China’s manufacturing purchasing managers’ index (PMI) rose slightly to 49.8, up from 49.7 in August.
Investors reacted positively to the data, with Asian stock markets soaring today (October 1st). Japan’s Nikkei 225 soared 2.2 per cent to 17,771.71, South Korea’s Kospi gained one per cent to 1,982.74 and Australia’s S&P/ASX 200 jumped 1.7 per cent to 5,105.80. Markets in Hong Kong and mainland China were closed for holidays.
Overnight on Wall Street, the tech-heavy Nasdaq Composite jumped 2.3 per cent, while the Dow Jones Industrial Average and the S&P 500 edged up 1.5 and 1.9 per cent respectively.
However, despite the steady data, the survey shows that factory activity in China continued to contract in September for the second consecutive month.
Yukino Yamada, senior strategist at Daiwa Securities, told MarketWatch that investors’ focus will be on China’s potential policy steps to boost its economy, expected to be announced after the National Day holidays.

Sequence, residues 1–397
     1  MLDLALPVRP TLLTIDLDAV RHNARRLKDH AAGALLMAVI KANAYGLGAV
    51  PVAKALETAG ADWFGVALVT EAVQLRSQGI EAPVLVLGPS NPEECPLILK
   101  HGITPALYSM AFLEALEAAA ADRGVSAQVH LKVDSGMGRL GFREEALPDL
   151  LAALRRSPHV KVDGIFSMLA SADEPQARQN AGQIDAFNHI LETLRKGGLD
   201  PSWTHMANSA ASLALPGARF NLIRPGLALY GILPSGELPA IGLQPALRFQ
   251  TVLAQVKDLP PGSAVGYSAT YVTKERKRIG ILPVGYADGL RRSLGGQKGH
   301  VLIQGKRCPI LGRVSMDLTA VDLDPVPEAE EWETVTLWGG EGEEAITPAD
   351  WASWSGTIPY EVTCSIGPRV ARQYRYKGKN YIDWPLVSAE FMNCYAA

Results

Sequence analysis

“Once China’s consumption picks up steam, leading to higher commodity consumption and prices, weights on financial stocks may be removed and expectations may also increase that policy steps taken by many others countries will start working,” he said.
The data is the latest in a string of weak economic data highlighting the country’s struggling stocks, sluggish property market and weak demand at home and abroad.
The country’s central bank has cut interest rates five times since November in an effort to stabilise markets after suffering quasi-continued losses since June that wiped out more than £1.5 trillion.
It has also devaluated the renminbi on August 11th as part of an adjustment to make the currency’s exchange rate more market-driven.
A few weeks ago, the US Federal Reserve held off on an interest rate rise, citing an uncertain economic outlook in China and other emerging economies.
China’s economy expanded 7.4 per cent last year, its weakest since 1990, and has slowed further this year.
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